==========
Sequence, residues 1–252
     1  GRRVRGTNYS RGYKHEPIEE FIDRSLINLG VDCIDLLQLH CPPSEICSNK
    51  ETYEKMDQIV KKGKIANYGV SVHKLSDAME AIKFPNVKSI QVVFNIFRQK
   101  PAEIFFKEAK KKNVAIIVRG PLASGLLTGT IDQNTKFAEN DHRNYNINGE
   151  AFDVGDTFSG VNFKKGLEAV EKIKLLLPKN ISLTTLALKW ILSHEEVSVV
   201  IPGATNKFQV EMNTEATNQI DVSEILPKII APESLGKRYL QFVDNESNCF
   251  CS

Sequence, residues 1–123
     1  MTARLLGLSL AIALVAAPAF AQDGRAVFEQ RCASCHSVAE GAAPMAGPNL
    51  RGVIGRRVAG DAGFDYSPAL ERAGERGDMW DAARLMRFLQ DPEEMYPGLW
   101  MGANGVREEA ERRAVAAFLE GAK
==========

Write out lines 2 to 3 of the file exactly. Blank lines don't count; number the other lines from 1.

     1  GRRVRGTNYS RGYKHEPIEE FIDRSLINLG VDCIDLLQLH CPPSEICSNK
    51  ETYEKMDQIV KKGKIANYGV SVHKLSDAME AIKFPNVKSI QVVFNIFRQK